Willard Grant Conspiracy – Ghost Republic

The first album released by Willard Grant Conspiracy since 2009’s Paper Covers Stone features songs written by the partnership of Robert Fisher and David Curry. They also play all instruments– notably featuring Curry’s atmospheric viola, played in a style reminiscent of Warren Ellis. Fischer takes most lead vocals, his dry baritone adding a dark intimacy to the music. He is Willard Grant Conspiracy’s sole permanent member, but the collaboration with Curry has the sound of a long-established partnership, with lyrics and music wrapping together in constantly evolving patterns.

The idea of Ghost Republic grew from a character created by Fisher for a book of poems about the ghost town of Bodie in the Sierras. From such phantasmagorical beginnings, the album is very organic, brimming with meditations on humanity and place, and nestled within a cradle of creativity encompassing the album, book and a short film.

[youtube_sc url=”http://www.youtube.com/watch?v=p1vQY3O6_hk”]

Ghost Republic is largely occupied with Californian nature resurgent and vicious, from the town abandoned in the desert to the salinated but subsequently reclaimed Mono Lake and the deadly snakes of ‘Rattle and Hiss’. Despite this it is by no means a concept album, moving from abstractions of grand wilderness to the minutely personal. On the title song, such counterpoints are made explicit in the first and final lines: ‘When I think of you I think of yellow hills’ / ‘When I think of you I think less of me’.  ‘Piece of Pie,’ with Curry providing both lyrics and vocals, features emotionally-driven snapshots of everyday life that might have come from the pen of the Eels’s E.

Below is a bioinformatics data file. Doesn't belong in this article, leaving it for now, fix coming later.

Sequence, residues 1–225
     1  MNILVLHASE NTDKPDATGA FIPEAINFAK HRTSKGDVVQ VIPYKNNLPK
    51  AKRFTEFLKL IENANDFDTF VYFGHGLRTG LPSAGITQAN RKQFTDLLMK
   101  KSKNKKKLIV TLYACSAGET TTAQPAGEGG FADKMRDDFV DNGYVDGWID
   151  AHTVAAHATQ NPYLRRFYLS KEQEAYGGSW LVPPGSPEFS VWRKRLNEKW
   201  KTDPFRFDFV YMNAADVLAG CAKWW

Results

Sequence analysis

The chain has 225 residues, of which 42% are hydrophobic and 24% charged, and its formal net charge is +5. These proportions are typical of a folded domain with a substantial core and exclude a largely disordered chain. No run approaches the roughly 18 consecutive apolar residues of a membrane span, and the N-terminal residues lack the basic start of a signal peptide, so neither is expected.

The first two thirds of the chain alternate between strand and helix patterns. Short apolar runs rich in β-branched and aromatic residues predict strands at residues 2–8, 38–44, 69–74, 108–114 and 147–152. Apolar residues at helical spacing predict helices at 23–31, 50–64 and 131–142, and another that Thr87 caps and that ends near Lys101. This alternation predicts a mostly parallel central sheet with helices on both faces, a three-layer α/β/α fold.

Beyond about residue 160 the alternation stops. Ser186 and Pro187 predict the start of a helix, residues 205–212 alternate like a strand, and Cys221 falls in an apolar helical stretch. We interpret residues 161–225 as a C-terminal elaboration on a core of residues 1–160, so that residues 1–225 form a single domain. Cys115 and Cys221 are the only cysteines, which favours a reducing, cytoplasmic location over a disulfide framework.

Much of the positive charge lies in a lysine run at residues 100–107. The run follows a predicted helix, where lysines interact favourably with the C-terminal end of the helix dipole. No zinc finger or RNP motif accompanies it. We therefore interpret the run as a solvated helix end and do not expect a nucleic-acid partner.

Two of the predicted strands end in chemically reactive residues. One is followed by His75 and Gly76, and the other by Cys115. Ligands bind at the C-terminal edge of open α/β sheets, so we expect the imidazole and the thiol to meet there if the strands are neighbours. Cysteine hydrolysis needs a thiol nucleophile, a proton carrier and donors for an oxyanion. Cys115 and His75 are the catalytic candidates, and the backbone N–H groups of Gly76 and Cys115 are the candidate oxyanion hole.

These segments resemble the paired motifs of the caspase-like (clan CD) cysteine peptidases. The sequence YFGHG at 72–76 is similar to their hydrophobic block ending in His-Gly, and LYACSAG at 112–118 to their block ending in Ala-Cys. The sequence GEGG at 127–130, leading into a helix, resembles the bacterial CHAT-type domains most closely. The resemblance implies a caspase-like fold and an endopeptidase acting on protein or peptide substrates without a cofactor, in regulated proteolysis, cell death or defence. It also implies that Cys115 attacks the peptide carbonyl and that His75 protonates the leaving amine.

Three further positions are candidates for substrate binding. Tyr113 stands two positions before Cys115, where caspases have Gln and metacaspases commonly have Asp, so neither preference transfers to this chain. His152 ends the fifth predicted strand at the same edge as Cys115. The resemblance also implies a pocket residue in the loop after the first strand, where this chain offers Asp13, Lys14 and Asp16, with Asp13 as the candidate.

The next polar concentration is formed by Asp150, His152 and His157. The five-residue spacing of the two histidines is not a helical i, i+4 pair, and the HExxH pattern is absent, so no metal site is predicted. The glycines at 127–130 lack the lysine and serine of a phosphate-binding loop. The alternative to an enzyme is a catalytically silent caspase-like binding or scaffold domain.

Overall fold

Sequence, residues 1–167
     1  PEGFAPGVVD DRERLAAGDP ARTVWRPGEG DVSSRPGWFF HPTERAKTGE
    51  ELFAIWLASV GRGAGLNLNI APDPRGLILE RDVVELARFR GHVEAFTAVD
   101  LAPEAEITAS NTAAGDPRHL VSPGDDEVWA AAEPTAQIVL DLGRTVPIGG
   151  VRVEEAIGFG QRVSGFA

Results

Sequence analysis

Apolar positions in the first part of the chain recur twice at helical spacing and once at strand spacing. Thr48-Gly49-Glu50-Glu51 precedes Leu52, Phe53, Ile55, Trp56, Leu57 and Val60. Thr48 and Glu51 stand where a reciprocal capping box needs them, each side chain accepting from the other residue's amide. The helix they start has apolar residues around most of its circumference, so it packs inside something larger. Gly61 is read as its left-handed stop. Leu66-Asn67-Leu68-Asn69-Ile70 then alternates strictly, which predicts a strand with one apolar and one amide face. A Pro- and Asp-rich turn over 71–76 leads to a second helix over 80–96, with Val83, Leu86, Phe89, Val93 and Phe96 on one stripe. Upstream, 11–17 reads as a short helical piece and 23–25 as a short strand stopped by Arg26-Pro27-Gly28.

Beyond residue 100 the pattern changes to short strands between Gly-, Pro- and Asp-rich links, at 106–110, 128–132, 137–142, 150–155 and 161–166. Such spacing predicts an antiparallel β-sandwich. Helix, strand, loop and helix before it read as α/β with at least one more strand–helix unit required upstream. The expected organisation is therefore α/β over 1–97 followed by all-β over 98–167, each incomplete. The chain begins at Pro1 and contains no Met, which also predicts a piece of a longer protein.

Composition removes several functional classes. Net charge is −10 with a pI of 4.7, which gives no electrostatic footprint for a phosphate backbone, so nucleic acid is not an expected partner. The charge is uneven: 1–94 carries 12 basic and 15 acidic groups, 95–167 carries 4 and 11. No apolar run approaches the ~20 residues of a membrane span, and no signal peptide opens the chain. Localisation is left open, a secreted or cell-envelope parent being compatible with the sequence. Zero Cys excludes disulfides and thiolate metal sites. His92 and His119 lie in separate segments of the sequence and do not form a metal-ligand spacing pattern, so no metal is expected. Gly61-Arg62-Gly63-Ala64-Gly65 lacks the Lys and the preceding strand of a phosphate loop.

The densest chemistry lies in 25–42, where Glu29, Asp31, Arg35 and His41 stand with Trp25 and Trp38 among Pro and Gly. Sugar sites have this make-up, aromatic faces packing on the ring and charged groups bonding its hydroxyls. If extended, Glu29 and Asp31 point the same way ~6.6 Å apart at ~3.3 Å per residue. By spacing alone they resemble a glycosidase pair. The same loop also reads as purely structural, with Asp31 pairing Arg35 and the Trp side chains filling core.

Such moments of individual sentiment emerge between instrumental pieces and lyrically pared-down portraits encapsulating moments of loss. In ‘Perry Wallis’ the eponymous character’s worldly belongings are distributed or deemed ‘all wore out … not good for any other man’ after his death; the tragedy of death eclipsed by the practicality of those who live on. Meanwhile ‘The Only Child’ illustrates an orphan caught in the tragedy of loss, the core of her being rooted in the afterlife: ‘Mary, Mary not so contrary, mercy in your garden grow. Light the tapers, sleep like swallows, dream of angels bathing in public squares.’

The songs often end up in unexpected places, stopping at all points between the loving and the brutal, the traditionally acoustic and the savagely distorted. Ghost Republic does not make for easy listening, but it is frequently beautiful and thought-provoking, with moments of aptly haunting inscrutability.

Emma Connolly

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